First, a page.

Our contemporary celebrations of Halloween have eclipsed a valuable Christian remembrance that dates back to the early centuries of the church. The celebration was called All Saints’ Day, and is still commemorated at different levels in the Catholic, Anglican, Lutheran, Eastern Orthodox and Methodist traditions. The word ‘saint’ may remind us of old statues in large cathedrals, or a formal process of declaring past Christians as worthy of commemoration and canonization. But this is not the only definition of the term ‘saint.’ The bible sometimes uses the word to refer to all of those that have put their faith in Christ. For example, when the apostle Paul was writing to a struggling church in Asia Minor, he addressed his letter, “unto the church of God which is at Corinth, to them that are sanctified in Christ Jesus, called as saints, with all that in every place call upon the name of Jesus Christ our Lord” (1 Cor 1:2). Saints were those that had been spiritually cleansed, morally forgiven, not because their lives were spotless, but because they had decided to follow the One that lived a blameless life on their behalf.
In the context of All Saints’ Day, the term ‘saint’ takes on an additional layer of historic meaning. The origins of All Saints’ Day date back to the early centuries following Christ when the church wanted days to commemorate the martyrs that had been killed for their faith. In the first 300 years after Christ died and was resurrected, the Roman Empire sent several waves of persecution toward the young Christian movement. Leaders were beheaded. Women were fed to wild beasts. Bishops were burned in the Coliseum. And the early church would hold days of remembrance and prayer for these courageous saints. They were their friends, family members and pastors; and they were powerful sources of inspiration. They helped the church hold on to their ostracized faith during difficult days.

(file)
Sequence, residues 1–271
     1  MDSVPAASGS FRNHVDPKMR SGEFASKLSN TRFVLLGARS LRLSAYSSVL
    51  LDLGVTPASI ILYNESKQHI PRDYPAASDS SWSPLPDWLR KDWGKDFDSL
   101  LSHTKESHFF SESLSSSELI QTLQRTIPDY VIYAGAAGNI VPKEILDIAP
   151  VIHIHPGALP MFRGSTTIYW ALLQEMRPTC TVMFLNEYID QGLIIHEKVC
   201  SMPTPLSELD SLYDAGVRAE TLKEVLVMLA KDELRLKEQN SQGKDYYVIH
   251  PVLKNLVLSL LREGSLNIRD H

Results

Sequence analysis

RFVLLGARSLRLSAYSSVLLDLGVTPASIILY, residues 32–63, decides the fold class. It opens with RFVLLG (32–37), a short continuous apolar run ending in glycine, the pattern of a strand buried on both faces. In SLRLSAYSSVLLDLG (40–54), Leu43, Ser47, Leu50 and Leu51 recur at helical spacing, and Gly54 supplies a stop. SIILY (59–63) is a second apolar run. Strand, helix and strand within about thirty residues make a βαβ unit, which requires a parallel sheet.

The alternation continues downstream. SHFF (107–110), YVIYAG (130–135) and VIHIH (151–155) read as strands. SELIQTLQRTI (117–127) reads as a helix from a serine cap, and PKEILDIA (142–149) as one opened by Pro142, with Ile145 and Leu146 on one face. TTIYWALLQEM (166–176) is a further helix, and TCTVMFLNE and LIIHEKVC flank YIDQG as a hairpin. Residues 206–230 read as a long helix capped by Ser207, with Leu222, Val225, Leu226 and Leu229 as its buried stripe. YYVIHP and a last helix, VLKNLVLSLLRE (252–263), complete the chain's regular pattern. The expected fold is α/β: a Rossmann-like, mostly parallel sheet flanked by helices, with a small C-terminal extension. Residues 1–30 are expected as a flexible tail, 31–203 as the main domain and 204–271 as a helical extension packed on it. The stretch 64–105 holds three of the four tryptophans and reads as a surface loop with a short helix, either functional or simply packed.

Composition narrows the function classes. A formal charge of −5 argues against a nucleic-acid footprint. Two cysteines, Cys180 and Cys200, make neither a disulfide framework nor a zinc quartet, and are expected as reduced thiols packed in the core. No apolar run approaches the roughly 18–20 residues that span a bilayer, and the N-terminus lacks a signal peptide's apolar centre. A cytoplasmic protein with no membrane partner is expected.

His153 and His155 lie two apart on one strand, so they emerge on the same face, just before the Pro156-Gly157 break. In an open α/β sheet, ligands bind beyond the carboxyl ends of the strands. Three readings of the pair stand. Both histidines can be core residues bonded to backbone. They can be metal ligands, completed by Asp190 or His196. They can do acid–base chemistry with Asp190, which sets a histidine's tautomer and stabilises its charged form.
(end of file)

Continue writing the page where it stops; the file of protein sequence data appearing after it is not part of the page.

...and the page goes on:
By the year 607, when the Roman Empire had astoundingly embraced the obscure faith it once tried to destroy, Emperor Phocas presented the beautiful Pantheon temple to the pope. The enormous statues of Jupiter and other Roman gods were heaved out of the famous building, and the pantheon was dedicated to “All Saints” who had died from Roman persecution in the early years of the Christian church. The date of November 1st was set as the annual commemoration to remember the martyrs of Christ’s Church. The night before All Saints’ Day a prayer vigil was held, and eventually the evening included a remembrance, not just for the martyrs, but for all the loved ones that had died in the faith.
Many pagan customs were eventually absorbed into this celebration of All Saints’ (or hallows’) Eve. People would leave food for the dead at their place of burial. Superstitions of the dead coming back to haunt as witches, toads or demons increased. These ideas, rather than having their roots in Christian belief, were based in the ordinary experience of the fear of death, and concern for the afterlife.
It is obvious in our culture today which side of the celebration has become more prominent. However, for the follower of Christ, it would be wise to glean from the Christian origins of All Saint’s Day as well. The remembrance of the martyrs, and the faithful Christians that have gone before us is as beneficial today as it has even been. We can take a few minutes on November 1st or the Sunday following and attend a worship service. We could open our bible and read Hebrews 11, and remember the great saints that have gone before us. We can pull up a short bio of a Christian martyr, like Christ’s Church has been doing annually for thousands of years. One of my personal, maybe silly, traditions has been to write a short play commemorating a saint from the past, and preforming it with family or friends. Over the years we have remembered in this way Squanto, Joan of Arc, Harriet Tubman, John Wesley, Francis of Assisi, the monks of Iona, and many others. The faithful saints and martyrs before us have left a trail of great courage, and the ultimate sacrifice. We may need that same character forged in us for our day as well. Let us be strengthened by their remembrance.
Together in the journey,
Fr. Cam Lemons